FEATURES
By Anne Z. Cooke and Steve Haggerty and Anne Z. Cooke and Steve Haggerty,Contributing Writers | July 5, 1992
The tom-toms are stilled and the Sioux ghost dancers gone from Stronghold Rock in the Badlands of southwest South Dakota.Anguished chants floating skyward, invoking the great buffalo spirits and foretelling the rebirth of the once-mighty Sioux Nation, have been silent for more than a century.But another ancient prophecy will be soon be fulfilled, when Chief Crazy Horse returns to lead his people back to the ways of dignity and self-reliance.The spirit of the great chief has been in the Black Hills west of Rapid City all along, of course, on the mountain known as the Crazy Horse Memorial.
NEWS
August 13, 2013
Baltimore City Councilman Nick Mosby's proposed boycott of Florida is a terrible idea ( "Councilman wants Baltimore to boycott Florida after Zimmerman trial," Aug. 9). Since he is trying to protest the "stand your ground" law, it is only fair to protest it across the board. The resolution would encourage city agencies and investment boards to avoid doing business with companies in the Sunshine state as well as to traveling to the state itself. To be fair, we should apply the same resolution to the many states that have some form of stand-your-ground law. These include Alabama, Alaska, Arizona, California, Georgia, Indiana, Iowa, Kansas, Kentucky, Louisiana, Maine, Massachusetts (though the term is used very loosely there)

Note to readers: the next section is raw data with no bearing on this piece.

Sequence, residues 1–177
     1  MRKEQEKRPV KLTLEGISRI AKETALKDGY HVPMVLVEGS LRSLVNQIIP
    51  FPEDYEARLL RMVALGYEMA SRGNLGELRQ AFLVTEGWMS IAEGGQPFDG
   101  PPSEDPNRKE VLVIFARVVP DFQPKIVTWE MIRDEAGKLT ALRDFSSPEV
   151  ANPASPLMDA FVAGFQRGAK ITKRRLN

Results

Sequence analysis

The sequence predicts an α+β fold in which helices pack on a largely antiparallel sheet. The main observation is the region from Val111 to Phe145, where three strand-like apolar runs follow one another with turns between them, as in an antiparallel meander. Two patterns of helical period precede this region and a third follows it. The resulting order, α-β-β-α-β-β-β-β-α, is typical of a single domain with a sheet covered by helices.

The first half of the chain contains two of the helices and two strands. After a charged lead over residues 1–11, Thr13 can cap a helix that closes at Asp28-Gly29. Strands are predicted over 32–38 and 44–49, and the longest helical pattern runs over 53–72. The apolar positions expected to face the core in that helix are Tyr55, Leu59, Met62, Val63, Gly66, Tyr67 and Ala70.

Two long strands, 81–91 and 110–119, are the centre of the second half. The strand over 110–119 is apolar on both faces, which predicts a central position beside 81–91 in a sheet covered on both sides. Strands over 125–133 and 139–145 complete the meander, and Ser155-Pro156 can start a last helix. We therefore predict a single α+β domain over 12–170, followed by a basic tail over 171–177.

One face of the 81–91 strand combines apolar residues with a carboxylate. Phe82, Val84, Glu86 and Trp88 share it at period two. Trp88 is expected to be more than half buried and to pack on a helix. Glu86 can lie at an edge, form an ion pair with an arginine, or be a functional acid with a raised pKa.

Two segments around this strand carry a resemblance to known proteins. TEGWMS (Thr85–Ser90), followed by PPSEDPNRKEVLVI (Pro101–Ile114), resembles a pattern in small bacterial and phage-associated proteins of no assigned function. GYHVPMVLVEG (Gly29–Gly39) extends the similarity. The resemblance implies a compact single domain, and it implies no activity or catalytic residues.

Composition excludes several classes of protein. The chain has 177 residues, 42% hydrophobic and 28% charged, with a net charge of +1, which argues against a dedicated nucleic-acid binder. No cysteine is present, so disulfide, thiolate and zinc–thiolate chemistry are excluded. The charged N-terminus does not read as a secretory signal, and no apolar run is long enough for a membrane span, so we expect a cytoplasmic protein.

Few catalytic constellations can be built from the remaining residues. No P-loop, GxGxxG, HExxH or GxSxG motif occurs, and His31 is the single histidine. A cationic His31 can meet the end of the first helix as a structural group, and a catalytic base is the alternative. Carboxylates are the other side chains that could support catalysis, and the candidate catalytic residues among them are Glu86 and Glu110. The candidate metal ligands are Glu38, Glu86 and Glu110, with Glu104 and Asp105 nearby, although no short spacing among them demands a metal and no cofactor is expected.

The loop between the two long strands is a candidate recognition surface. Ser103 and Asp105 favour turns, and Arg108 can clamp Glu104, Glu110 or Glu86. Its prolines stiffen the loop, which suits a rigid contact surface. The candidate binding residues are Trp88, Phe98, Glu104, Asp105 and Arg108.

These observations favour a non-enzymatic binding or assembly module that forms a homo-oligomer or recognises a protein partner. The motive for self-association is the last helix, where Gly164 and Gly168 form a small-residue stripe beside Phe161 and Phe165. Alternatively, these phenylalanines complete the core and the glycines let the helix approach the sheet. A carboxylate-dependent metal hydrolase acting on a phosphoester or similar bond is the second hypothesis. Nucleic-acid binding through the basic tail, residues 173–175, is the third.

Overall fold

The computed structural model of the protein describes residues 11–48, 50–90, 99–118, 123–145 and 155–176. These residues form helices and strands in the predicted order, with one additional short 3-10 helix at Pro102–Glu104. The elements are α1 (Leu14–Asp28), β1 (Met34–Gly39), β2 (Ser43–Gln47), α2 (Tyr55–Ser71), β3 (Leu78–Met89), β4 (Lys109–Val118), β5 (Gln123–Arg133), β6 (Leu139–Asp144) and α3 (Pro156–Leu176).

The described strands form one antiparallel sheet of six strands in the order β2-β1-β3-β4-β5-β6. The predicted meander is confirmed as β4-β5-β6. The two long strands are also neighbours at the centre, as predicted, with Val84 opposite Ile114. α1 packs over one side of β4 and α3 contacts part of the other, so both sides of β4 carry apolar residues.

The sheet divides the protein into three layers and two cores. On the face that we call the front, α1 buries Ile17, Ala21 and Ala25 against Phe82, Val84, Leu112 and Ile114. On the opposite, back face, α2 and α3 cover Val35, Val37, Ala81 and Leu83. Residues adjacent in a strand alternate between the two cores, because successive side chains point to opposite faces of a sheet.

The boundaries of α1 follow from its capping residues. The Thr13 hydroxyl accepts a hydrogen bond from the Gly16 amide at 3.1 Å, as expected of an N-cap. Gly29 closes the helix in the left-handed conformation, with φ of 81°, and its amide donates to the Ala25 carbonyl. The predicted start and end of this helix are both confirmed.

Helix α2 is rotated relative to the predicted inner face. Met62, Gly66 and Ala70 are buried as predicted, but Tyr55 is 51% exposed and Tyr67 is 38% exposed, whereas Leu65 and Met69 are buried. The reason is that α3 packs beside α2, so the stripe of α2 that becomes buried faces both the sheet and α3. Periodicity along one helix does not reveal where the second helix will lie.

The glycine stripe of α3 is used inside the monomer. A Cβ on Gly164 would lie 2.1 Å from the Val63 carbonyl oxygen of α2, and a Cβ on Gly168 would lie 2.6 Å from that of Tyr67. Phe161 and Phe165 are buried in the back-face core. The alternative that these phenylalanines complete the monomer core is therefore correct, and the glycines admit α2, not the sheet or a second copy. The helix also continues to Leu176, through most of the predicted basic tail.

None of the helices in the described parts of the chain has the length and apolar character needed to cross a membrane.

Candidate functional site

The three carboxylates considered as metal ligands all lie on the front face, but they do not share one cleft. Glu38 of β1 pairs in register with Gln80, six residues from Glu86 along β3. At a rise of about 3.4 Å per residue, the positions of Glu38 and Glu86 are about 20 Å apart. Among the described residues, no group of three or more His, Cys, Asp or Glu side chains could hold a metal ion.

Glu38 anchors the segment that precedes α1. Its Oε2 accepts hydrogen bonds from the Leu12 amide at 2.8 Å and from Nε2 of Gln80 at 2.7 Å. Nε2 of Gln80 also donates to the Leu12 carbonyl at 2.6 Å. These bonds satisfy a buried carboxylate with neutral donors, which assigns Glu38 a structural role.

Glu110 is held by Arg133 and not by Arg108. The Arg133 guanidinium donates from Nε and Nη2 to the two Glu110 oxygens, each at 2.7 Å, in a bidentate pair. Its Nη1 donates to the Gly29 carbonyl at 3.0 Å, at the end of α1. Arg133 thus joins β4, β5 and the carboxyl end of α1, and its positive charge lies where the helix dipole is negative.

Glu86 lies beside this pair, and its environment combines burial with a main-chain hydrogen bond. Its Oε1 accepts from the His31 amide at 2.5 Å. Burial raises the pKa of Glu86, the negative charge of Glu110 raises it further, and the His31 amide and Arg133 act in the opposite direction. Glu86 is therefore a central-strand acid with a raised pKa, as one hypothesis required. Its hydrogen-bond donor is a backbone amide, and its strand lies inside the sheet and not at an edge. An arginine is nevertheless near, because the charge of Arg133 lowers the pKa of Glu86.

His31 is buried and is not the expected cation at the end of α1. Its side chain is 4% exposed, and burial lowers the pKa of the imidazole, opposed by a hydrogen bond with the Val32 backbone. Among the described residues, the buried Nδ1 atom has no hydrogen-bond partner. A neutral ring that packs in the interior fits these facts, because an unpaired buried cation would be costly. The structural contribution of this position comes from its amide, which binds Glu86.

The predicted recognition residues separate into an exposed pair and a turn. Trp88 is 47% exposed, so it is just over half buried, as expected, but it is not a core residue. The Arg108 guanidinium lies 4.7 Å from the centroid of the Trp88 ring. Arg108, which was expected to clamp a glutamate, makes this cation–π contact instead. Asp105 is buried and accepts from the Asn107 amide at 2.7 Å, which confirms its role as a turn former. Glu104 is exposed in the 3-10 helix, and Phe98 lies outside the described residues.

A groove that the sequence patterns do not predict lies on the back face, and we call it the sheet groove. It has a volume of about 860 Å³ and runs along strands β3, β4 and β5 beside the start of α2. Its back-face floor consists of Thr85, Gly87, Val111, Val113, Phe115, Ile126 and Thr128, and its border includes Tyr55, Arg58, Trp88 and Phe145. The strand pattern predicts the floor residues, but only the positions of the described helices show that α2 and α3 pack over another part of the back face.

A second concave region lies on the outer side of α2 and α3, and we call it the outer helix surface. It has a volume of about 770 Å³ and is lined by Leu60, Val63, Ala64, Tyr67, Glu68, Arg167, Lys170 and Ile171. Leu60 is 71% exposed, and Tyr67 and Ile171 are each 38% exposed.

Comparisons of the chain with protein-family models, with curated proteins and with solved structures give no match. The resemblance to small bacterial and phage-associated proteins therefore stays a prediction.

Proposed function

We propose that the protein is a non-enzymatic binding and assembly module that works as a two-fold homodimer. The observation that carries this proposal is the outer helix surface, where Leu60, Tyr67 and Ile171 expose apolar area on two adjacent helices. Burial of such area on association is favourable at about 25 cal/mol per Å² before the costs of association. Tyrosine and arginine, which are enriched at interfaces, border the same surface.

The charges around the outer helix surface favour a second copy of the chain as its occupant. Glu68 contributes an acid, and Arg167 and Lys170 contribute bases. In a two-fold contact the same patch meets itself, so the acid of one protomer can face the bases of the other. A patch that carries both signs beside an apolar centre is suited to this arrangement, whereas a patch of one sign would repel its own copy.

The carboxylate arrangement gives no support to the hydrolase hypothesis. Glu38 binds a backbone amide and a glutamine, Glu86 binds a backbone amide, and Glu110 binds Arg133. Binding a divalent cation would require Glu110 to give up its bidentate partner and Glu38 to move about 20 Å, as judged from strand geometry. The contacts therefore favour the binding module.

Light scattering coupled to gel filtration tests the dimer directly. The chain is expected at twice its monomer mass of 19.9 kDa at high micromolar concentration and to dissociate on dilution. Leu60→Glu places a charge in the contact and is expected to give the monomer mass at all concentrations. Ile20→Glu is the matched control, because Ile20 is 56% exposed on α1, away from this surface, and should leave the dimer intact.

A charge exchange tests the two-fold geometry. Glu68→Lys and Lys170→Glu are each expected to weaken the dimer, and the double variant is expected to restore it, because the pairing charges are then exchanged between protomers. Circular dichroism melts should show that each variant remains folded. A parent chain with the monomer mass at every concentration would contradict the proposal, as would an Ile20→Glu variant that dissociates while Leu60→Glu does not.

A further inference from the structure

SPORTS
By Mike Klingaman, The Baltimore Sun | November 1, 2012
He's 80 now, and slightly bent, as if preparing to set in a three-point stance. Three hip replacements, plus a new knee, will do that to a man. Not that Ordell Braase is complaining. "Physically, I'm in pretty good shape," said Braase, longtime defensive end for the Baltimore Colts. "Mentally? Well . . . it's getting a little cramped up there. " The years haven't fogged his recollections of the 1968 NFL championship, a 34-0 shutout before a crowd of 80,628 in Cleveland. Braase did his part, plowing through the Browns to register three sacks and stop Leroy Kelly, their storied running back, in his tracks.
NEWS
By Stephanie Simon and Stephanie Simon,Los Angeles Times | April 12, 2007
The most intense battleground in the abortion debate these days revolves around a simple question: What do women need to know before they terminate a pregnancy? South Dakota lawmakers want to compel doctors - under penalty of a month in jail - to tell women that the abortion they seek will kill a "whole, separate, unique, living human being." South Carolina is on the verge of requiring women to review ultrasound images of their fetus with a physician before consenting to end the pregnancy.
FEATURES
By Steven Snyder and Steven Snyder,NEWSDAY | February 27, 2007
We all know that kids say the darndest things. Turns out they know the darndest things, too. On TV Are You Smarter than a 5th Grader? premieres tonight at 9:30 on Fox. SAMPLE QUESTIONS 1. Can you name all the colors of the rainbow? 2. Can you name all five Great Lakes? 3. In what state is Mount Rushmore located? Answers: 1. Red, orange, yellow, green, blue, indigo, violet; 2. Erie, Huron, Michigan, Ontario, Superior; 3. South Dakota
NEWS
By Stephanie Strom and Stephanie Strom,New York Times News Service | February 4, 2007